Hearing to Contest a Rule 69 Agreement in Arizona
In a memorandum decision from the Arizona Court of Appeals in the case of Strong vs. Ownes, Judge Maria Elena Cruz delivered the decision of the Court, in which Presiding Judge Michael J. Brown and Judge John C. Gemmill1 joined. CRUZ.
Stephani Denise Owens (“Wife”) appeals the superior court’s denial of her motion for new trial and the underlying Decree of Dissolution (“Decree”). Wife challenges the award of joint legal decision-making and equal parenting time, acceptance of the Arizona Rule of Family Law Procedure (“Rule”) 69 agreement, rescission of a minute entry at the time of the consent decree, the court’s child support determination, and the appointment of a parenting coordinator. For the following reasons, we affirm as modified.
Wife and Thomas H. Strong, Jr. (“Husband”), were married in 1997. Husband and Wife have one child, T.S., born in 2004. Husband petitioned for dissolution of marriage in 2014. Pursuant to Rule 69, the parties orally entered an agreement on the record in open court on February 22, 2016 (“Rule 69 Agreement”). The Rule 69 Agreement addressed: child custody; spousal maintenance; child support; the child’s insurance; the child’s extracurricular activities; personal property; Wife’s personal injury claim; furnishings; life insurance; Husband’s book publishing; any unclaimed property; a property equalization payment; Husband’s personal property; child photos; debts; income tax liability; and a home equity line of credit, with the only issue purportedly remaining to resolve being the point value attributable to each party from an American Express credit card account.
With counsel for both parties present, Husband and Wife agreed to enter into the agreement and stated that they believed it was fair and reasonable. The Honorable John C. Gemmill, a Retired Judge of the Court of Appeals, Division One, has been authorized to sit in this matter pursuant to Article 6, Section 3, of the Arizona Constitution.
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The decision of the Court
Wife thereafter filed a motion to set aside the Rule 69 Agreement, however, Wife did not request an evidentiary hearing or otherwise request that she be allowed to submit evidence in support of her motion. Husband filed his notice of lodging form of the decree, the court set a hearing on the matter for September 29, 2016, and Wife submitted a pretrial statement noting her corrections to Husband’s form of decree. At the September 29 hearing, the court addressed the following disputes: the child’s extracurricular activities and the method by which Husband would pay the first $12,000 of said activities; method of reimbursement to Wife for the child’s medical expenses; a UBS brokerage account; whether unclaimed property could extend beyond Arizona; American Express points; the return of Wife’s jewelry and Bibles; Wife’s patent; the return of the cable box; a 529(B) account; equalization payment amount; a holiday parenting plan; and Wife’s personal injury proceeds.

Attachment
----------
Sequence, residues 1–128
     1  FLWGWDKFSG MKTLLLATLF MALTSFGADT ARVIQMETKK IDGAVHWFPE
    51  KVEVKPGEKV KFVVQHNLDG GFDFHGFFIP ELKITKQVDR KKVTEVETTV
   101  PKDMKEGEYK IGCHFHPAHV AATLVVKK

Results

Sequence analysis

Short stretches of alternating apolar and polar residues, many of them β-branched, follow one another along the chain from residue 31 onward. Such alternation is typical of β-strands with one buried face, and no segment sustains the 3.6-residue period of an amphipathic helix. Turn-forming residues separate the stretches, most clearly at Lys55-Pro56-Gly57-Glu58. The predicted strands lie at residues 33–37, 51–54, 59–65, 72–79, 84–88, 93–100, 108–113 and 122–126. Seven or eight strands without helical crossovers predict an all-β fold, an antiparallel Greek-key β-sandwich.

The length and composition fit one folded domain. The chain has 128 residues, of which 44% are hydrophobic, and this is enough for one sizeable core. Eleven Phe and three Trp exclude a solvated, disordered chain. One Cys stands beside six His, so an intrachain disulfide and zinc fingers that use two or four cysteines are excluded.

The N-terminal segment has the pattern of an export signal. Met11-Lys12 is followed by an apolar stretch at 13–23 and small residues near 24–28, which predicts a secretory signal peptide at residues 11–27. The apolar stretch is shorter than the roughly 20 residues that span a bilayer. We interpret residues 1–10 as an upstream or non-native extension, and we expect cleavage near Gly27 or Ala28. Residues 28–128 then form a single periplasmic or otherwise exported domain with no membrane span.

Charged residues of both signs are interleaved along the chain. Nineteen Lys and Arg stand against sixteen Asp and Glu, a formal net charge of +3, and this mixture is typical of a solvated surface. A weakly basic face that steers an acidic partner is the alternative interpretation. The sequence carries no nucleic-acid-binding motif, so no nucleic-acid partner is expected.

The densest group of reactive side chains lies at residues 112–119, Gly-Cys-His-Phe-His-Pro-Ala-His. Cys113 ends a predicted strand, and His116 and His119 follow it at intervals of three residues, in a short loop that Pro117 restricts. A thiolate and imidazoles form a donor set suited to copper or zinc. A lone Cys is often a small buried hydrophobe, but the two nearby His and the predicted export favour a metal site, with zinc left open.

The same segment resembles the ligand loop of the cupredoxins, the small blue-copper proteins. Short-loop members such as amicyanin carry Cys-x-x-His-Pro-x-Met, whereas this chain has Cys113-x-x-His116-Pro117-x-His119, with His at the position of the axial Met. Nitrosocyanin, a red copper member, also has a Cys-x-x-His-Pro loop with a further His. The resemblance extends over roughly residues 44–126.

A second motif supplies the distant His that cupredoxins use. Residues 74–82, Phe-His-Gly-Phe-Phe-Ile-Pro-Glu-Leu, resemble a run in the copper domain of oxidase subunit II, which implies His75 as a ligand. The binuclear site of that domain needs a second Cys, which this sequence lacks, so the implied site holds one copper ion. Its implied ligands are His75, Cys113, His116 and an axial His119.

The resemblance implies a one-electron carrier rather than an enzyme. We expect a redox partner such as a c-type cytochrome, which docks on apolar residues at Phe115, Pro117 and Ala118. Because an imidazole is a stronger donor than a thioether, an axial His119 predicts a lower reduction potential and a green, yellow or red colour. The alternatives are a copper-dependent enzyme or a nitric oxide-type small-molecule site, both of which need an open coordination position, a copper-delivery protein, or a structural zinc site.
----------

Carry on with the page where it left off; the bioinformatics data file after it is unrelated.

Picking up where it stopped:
Also, briefly discussed was an existing order of protection for Wife and the child against Husband, set to expire as to the child only at the end of the day. However, at the request of the parties, the relevance of the order of protection was not fully discussed because, per their representations to the court, the parties were not prepared for that issue and Wife’s divorce counsel was not her counsel of record for the order of protection proceedings.
The court took the matter under advisement and issued its rulings on October 7, ordering the parties to resolve the sole remaining issue, the value of American Express points as of the date of service of the petition for dissolution, and to file a signed consent decree within two weeks. Wife did not sign Husband’s second proposed decree. Consequently, Husband filed a second notice of lodging on November 10, 2016, and the court set a December 8 conference to address the same. Wife did not object.